The implications of the decision in which the Supreme Court ruled that the trustee for the bankrupt Redwater oil and gas company in Alberta couldn’t walk away from its disowned sites, and that provincial environmental obligations must be met before Redwater’s creditors were paid are significant, says Cooper. Initially, the decision was thought to be specific to Alberta statutes and its requirements for cleaning up exhausted oil wells; oil and gas companies there cannot transfer licences without permission from the Alberta Energy Regulator, which requires that environmental obligations have first been met.

“I think that may be underestimating the importance of the decision,” Cooper says, and how it may translate to other regulators across Canada. “With some matters I’m dealing with [regarding] insolvency, regulators in Ontario have been looking at Redwater, and thinking they have enhanced powers now.” The Supreme Court’s commentary in this decision indicates that its ruling in the Redwater matter “applies across the board, to all sorts of insolvency situations,” and suggests that the environment takes priority where assets are limited, she notes.

This makes it important for lenders to take a hard look “at the nature of the business that’s being undertaken, and potential environmental risks,” she says, including obligations at closure time for mines, for example. Lenders must consider environmental obligations that will accrue to a particular company at the end of day, as a super-charge from a regulator will affect the ability of lenders to recover.

“So, more due diligence will be done,” as it should be, says Cooper. “Does the mining company have a closure plan? What are the types of obligations that will occur at the end of the life of the mine, and is there comfort that there’s adequacy in that regard? Has a peer review been done? Do we need something else, to give comfort that that’s enough?” Regulators are referring to the decision and the enhanced powers they believe it gives them, she adds.

From a policy perspective, the decision in Redwater was the right one, says Osler’s Denstedt, as the public purse was the last to have to pay for Redwater’s cleanup. The policy behind the decision was that if lenders have the ability to do due diligence on the companies they lend money to, during bankruptcy proceedings they should not be able to disclaim the assets that have no value or that have liabilities attached that could have been discovered during due diligence. This could have a chilling affect on lending in situations where it’s harder to discover liabilities, he adds.

“The energy industry has already been on a downturn for the past few years; this is one more concern we have” regarding the future of the energy sector.

However, Denstedt notes, in the Redwater case both the Alberta Court of Appeal and the Supreme Court of Canada commented on the need for clarification from a policy perspective in the Bankruptcy and Insolvency Act, which allows a trustee to walk away from environmental obligations.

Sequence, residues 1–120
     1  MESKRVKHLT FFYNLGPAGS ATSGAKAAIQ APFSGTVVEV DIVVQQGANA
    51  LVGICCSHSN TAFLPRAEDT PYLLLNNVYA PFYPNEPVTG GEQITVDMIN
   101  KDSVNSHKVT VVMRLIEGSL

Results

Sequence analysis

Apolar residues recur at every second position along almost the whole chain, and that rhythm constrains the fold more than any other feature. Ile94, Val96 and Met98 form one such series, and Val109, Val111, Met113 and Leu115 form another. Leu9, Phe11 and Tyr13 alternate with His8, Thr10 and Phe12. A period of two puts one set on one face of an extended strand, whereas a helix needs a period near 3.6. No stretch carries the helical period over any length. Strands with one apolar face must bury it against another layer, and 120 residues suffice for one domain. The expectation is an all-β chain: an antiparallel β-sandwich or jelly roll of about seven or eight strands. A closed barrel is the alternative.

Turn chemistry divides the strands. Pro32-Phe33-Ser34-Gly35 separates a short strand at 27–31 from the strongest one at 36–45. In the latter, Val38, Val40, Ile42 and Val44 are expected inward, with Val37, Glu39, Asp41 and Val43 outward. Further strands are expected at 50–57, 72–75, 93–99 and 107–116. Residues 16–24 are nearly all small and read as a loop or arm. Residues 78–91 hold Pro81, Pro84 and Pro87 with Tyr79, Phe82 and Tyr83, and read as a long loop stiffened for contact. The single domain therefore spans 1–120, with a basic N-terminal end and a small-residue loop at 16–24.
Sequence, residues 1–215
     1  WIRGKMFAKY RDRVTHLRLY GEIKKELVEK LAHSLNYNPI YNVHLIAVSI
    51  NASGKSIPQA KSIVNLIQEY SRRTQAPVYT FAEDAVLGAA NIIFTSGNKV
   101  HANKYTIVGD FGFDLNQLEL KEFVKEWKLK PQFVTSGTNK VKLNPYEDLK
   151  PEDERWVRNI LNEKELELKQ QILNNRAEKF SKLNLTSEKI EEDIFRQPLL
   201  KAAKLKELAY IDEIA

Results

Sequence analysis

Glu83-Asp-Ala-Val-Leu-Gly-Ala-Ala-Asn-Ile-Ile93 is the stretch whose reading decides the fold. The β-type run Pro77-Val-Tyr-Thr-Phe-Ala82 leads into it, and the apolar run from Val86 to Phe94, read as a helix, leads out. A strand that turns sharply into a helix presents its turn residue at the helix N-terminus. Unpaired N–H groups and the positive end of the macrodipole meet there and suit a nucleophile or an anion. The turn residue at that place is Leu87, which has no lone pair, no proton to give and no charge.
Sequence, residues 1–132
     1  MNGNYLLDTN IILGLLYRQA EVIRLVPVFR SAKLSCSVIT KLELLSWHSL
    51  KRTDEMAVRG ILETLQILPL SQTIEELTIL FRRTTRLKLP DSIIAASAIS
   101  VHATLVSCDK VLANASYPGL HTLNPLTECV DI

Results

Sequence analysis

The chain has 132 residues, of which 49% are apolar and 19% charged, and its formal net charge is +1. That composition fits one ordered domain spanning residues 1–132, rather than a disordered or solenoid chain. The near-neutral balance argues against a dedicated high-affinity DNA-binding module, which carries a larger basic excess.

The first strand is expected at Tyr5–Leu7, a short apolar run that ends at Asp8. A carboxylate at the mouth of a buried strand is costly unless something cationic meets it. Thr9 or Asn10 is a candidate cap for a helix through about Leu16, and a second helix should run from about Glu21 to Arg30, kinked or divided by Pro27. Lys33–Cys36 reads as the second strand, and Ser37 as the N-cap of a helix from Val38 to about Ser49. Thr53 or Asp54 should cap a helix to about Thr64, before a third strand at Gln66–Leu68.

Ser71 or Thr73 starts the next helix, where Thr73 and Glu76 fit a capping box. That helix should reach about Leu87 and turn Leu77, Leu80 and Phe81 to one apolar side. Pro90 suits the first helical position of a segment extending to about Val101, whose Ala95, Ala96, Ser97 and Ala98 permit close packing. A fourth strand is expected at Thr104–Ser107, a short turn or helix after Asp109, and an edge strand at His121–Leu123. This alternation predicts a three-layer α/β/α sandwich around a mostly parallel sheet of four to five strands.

In Tsleil Waututh v. Canada (Attorney General), the Federal Court of Appeal (FCA) considered the duty to consult in the current federal regime for review and approval of interprovincial pipelines. In its decision in August 2018, the FCA quashed the federal government’s approval of the Trans Mountain Pipeline expansion, which would facilitate bringing oil from Alberta’s oil sands to the British Columbia coast, in part due to Canada’s failure to fulfill its consultation and accommodation obligations to Indigenous peoples.

The decision had “high-level impact,” says Julie Abouchar, a partner in Willms & Shier Environmental Lawyers LLP in Toronto, and lawyers across Canada have taken two key points from that decision.

“Most important is the need for an indigenous consultation prior to getting a project approved. One of the reasons why the FCA … quashed the approval was because it found that the government had not implemented Indigenous consultation properly. At the highest level, what the FCA is saying is, meaningful two-way dialogue is necessary, including responding to and addressing Indigenous concerns.”

The expectation that there be agreement with Indigenous communities before major projects are approved is not as common in the United States, she says, but “with large projects in Canada, the successful ones have agreements with Indigenous communities.”

In British Columbia, where the appellants launched the case, there is no legal requirement to reach agreements, but this varies from province to province, Abouchar says.

Under the Canadian Environmental Assessment Act, parties must look at the ancillary parts of a project, such as whether or how marine life might be affected by increased tanker traffic. In this case, the National Energy Board was found to be in error in not considering the ancillary impact of endangered species from increased shipping of oil from the B.C. coast.

“All that is very interesting, because the landscape of environmental assessment is changing,” she says which includes the Senate passing Bill C-69.

Editor's note: This story has been updated from the version that appeared in the June 2019 issue of Lexpert to reflect the Senate passing Bill C-69 later that month.